Puberty in Sow and Gilt Management
Early puberty is considered a good indicator of reproductive capability, associated with increased lifetime fertility and decreased production costs. Onset of puberty depends on a variety of factors, including genotype, liveweight, nutritional status, season, and management (including exposure to the boar). The effect that exposure to a sexually mature boar has on a sow or gilt, also known as the boar effect, is the most influential of all management factors. The boar effect is strongest when females are exposed to the sight, sound, touch, and smell of a mature boar, and it decreases as the intensity of each of these stimuli decreases. Consequently, the boar effect is greatest with direct contact using a mature, sterile boar; however, it can also be effective when using proper fence-line exposure. Regardless of the method chosen as most practical for the operation, close interaction of the boar with the females for the appropriate duration of time will produce the greatest effects on puberty advancement and estrus expression. Exposure of peripubertal gilts (5–6 months old) to a mature boar for 10–15 minutes/day appears to provide an adequate stimulus. Along with the boar effect, other management tools that can advance the onset of puberty include crossbreeding, gilt relocation to novel housing (eg, confinement to outside pens or to another inside pen), and forming new groups by mixing gilts from different pens of similar health status. However, repeated mixing of gilts can induce excessive stress and injury from fighting; thus, the practice should be minimized.
Strict culling criteria should be established for the gilt pool. Gilts in which the first visible estrus does not occur by 136 kg body wt and 220 days of age should be culled. Initial estrus in gilts may be weak, so a robust estrus detection program with experienced personnel is essential. Some producers may elect to use approved exogenous gonadotropin hormones to induce a synchronized estrus in gilts or to induce estrus in delayed-puberty gilts. The female progeny of delayed-puberty gilts should not be kept for breeding herd replacements. Gilts that have been serviced for two consecutive estrous cycles and do not conceive should also be culled.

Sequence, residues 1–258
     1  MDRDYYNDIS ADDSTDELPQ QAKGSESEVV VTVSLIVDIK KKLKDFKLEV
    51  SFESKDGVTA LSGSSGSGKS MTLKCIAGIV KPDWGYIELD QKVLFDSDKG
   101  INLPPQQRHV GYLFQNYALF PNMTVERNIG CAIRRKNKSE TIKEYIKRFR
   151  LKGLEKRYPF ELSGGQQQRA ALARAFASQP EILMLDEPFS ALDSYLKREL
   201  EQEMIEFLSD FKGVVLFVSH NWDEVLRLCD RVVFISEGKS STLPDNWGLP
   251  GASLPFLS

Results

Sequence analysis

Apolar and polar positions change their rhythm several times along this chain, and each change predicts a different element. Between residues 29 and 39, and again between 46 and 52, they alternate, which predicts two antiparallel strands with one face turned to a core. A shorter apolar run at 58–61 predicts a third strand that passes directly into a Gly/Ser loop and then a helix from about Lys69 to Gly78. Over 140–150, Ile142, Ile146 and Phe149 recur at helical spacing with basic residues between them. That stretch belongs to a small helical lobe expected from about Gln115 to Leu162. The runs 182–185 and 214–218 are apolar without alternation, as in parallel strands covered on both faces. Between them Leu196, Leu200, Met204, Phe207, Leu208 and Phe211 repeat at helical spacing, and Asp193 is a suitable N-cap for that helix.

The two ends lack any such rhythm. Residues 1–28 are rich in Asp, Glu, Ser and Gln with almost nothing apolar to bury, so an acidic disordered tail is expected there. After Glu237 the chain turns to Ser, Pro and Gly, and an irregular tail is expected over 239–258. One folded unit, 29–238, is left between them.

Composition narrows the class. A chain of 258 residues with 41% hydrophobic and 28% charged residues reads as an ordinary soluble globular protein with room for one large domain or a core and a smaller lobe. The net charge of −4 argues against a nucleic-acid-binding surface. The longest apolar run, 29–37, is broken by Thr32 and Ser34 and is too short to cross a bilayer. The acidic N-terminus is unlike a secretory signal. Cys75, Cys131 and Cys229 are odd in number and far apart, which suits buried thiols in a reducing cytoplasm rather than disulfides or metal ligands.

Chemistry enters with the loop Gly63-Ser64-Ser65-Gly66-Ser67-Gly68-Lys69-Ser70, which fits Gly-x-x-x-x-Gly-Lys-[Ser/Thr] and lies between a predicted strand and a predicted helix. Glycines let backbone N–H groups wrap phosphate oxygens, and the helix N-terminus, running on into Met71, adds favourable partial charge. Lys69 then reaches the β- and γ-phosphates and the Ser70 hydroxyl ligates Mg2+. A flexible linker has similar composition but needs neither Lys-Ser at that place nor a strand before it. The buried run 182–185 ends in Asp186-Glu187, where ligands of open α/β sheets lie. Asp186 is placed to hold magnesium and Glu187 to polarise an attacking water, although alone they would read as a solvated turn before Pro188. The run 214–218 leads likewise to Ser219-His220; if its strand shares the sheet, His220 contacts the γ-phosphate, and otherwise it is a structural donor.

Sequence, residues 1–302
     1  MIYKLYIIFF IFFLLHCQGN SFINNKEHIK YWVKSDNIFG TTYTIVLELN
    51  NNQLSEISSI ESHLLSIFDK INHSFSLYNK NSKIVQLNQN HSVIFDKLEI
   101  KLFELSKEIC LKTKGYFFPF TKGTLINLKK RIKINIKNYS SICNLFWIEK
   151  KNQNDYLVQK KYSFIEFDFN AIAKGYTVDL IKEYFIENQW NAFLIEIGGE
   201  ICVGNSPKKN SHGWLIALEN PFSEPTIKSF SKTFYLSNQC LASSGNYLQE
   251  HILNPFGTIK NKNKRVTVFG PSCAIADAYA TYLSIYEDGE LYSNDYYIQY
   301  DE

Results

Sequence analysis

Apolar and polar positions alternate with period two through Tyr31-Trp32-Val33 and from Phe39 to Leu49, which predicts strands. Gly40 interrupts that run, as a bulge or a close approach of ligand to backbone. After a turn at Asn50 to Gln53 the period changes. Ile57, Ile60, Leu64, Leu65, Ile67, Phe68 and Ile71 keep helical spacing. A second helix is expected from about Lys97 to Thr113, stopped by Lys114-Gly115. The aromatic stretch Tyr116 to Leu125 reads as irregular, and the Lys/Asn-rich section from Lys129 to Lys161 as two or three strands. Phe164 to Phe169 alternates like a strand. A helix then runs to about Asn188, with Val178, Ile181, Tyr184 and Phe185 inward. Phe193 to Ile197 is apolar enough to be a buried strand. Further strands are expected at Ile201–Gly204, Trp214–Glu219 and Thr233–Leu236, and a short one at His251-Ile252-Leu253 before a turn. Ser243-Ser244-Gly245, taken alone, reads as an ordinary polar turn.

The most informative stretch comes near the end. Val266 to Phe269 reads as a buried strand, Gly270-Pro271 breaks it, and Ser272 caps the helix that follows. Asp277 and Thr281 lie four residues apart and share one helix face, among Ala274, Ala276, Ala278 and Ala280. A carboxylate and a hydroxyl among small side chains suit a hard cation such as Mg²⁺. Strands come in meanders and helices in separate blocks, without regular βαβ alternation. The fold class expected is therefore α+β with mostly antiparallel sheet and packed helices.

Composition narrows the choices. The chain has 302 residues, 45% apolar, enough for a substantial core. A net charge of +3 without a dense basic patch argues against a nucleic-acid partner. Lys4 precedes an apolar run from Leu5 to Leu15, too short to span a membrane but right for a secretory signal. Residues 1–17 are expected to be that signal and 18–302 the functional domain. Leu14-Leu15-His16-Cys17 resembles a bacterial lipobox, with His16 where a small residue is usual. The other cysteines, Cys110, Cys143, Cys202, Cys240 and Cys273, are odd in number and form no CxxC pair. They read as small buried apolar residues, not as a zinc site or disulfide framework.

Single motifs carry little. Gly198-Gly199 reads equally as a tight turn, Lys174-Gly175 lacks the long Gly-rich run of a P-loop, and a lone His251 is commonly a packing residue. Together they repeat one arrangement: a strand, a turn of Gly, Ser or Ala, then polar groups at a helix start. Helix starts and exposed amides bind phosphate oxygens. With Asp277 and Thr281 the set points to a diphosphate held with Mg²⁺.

The timing of estrus can be synchronized in a group of mature cycling gilts or in an individual gilt by adding an approved synthetic progestagen to the feed (eg, altrenogest at 15–20 mg/day for 14–18 days). Estrus typically occurs 4–9 days after the last feeding of the hormone, when daily boar exposure is provided. This technique allows estrus and breeding in gilts to be synchronized with that of a batch of weaned sows and is used to form a group of gilts that will farrow together. Although typically used only when there are excess numbers of pregnant females, prostaglandins can also be used as an abortifacient to synchronize estrus when administered after day 12 and before day 55 of gestation. With this procedure, the females generally come into heat 4–7 days after prostaglandin administration. However, females in later stages of gestation will require another cycle before their uterus is suitable for breeding. The cost-benefit ratio of these programs should be assessed before implementation.